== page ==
Tuesday, March 14, 2017

Interview: Richard Ebeling says Donald Trump "challenges respect for rule of law and human life", explains why

This is the final article of my discussion with Dr. Richard Ebeling. The firstsecondthirdfourthfifth, and sixth pieces are available. 
Story by Joseph Ford Cotto
"Soon after taking the oath of office, President Donald J. Trump signed a series of Presidential Memoranda to fulfill his promise to make America Great Again on trade and other issues," the White House's public relations arm declared shortly after Trump assumed office.
It continued: "The first executive action the President took was to permanently withdraw the United States from the Trans-Pacific Partnership, a multinational trade agreement that is not in the best interest of American workers. 
"This action ushers in a new era of U.S. trade policy in which the Trump Administration will pursue bilateral free trade opportunities with allies around the world, wherever possible, to promote American industry, protect American workers, and raise American wages. It is the policy of the Trump Administration to represent the American people and their financial well-being in all negotiations, particularly the American worker, and to create fair and economically beneficial trade deals that serve their interests."
A few days later, the Donald announced his plan to change the conditions of America's participation in the North American Free Trade Agreement, a trilateral commerce bloc which binds us with Canada and Mexico.    
“I’m deeply concerned by President Trump’s statements today reaffirming his commitment to renegotiate the North American Free Trade Agreement (NAFTA)," John McCain said shortly after. "While renegotiations could help to strengthen and modernize NAFTA to benefit American businesses and consumers, any effort to restrict or impose new barriers on our ability to trade with Mexico and Canada could jeopardize the future of this trade agreement and have serious consequences for Arizona and the country." 
McCain later added: “The free flow of trade has been the foundation of U.S. economic policy for decades, and a major factor in our prosperity and greatness. We should not have to relearn the lessons of history. Retreating from NAFTA and other international trade agreements will harm our ability to compete in today’s global economy, raise costs for consumers, threaten jobs, and undermine our relations with our closest neighbors.”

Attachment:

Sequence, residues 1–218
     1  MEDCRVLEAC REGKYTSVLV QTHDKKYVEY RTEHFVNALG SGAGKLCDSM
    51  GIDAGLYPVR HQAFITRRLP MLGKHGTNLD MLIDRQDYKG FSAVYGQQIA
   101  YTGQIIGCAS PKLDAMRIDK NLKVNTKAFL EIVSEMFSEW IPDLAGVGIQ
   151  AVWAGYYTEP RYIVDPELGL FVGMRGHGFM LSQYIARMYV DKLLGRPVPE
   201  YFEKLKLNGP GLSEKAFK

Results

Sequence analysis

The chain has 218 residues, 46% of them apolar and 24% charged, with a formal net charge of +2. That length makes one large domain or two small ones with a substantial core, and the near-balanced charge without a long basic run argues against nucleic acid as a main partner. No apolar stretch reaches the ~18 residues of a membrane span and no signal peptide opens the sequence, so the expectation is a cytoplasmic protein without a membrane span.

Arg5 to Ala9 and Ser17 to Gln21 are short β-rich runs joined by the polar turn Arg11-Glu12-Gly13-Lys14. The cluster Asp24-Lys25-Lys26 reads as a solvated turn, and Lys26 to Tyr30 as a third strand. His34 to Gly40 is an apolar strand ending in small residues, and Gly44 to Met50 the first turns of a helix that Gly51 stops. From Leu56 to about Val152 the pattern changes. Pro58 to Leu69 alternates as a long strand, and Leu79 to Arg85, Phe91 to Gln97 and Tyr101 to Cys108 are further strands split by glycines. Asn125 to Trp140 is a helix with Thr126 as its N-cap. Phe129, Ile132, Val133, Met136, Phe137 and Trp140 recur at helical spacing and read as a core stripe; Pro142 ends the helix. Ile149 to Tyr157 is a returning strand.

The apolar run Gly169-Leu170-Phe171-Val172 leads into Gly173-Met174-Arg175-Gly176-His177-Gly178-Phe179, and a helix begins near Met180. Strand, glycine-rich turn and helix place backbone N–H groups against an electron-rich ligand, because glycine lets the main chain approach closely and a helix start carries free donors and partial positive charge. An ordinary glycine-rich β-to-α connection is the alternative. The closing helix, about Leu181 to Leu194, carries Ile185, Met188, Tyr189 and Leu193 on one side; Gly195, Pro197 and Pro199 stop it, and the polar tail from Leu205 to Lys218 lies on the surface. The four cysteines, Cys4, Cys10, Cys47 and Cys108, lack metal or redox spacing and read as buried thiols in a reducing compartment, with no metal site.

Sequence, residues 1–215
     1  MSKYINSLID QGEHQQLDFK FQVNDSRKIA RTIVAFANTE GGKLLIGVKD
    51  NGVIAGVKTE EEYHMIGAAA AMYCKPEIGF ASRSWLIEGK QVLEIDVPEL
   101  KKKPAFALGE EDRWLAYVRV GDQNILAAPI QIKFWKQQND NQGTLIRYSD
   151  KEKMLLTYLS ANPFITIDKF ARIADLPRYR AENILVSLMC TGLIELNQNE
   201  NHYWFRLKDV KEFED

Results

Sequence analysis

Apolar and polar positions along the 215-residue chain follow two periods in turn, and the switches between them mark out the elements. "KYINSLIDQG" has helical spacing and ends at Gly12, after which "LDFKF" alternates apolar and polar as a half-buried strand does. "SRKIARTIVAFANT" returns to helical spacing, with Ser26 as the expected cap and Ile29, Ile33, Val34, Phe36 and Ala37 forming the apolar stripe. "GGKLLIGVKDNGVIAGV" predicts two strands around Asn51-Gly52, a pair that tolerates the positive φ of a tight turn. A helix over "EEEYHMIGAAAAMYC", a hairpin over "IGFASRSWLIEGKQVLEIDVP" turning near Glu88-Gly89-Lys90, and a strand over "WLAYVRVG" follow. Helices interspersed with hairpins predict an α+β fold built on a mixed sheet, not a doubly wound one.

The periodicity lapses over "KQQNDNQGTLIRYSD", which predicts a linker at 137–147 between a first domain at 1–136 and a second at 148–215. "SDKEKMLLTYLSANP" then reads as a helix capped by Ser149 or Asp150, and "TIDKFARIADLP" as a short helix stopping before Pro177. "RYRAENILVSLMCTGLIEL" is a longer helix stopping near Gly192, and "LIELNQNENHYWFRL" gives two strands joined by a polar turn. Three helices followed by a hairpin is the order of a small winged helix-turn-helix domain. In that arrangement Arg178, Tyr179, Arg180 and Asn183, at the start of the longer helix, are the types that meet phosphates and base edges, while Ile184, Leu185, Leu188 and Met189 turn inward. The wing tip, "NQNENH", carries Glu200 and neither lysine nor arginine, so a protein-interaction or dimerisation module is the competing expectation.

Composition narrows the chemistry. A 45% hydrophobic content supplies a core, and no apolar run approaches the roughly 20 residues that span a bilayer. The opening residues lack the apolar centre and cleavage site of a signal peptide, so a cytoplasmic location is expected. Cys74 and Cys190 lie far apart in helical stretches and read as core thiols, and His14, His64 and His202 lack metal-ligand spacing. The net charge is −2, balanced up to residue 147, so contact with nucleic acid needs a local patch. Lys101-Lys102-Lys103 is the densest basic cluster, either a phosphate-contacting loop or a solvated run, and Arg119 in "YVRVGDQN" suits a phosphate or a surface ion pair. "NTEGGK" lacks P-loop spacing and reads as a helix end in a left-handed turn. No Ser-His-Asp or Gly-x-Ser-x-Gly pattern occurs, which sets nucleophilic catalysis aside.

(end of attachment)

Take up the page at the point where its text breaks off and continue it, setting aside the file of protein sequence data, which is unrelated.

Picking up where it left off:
What is going on here? So many sparring perspectives on trade from such powerful people.
The Trump-McCain spat is but one theater in a battle of ideas between protectionist and laissez faire personalities. This disagreement has come not only to dominate the right, but our country's left -- think of the difference between Bernie Sanders and Hillary Clinton on economic policy.
Few people are so familiar with the limited government perspective as Dr. Richard Ebeling.
As his employer, The Citadel (South Carolina's prestigious military university -- an unlikely site for such a titan of libertarianism), tells, he "is the BB&T Distinguished Professor of Ethics and Free Enterprise Leadership .... Among the courses he offers are "Entrepreneurial Leadership and Capitalist Ethics" and "Ethical Entrepreneurship and Profit-Making."
"Dr. Ebeling is recognized as one of the leading members of the Austrian School of Economics and is the author of Austrian Economics and Public Policy: Restoring Freedom and Prosperity (Future of Freedom Foundation, 2016); Monetary Central Planning and the State (Future of Freedom Foundation, 2015); as well as the author of Political Economy, Public Policy, and Monetary Economics: Ludwig von Mises and the Austrian Tradition (Routledge, 2010) and Austrian Economics and the Political Economy of Freedom (Edward Elgar, 2003)." 
Ebeling recently spoke with me about several issues concerning the American economy. Some of our conversation is included below.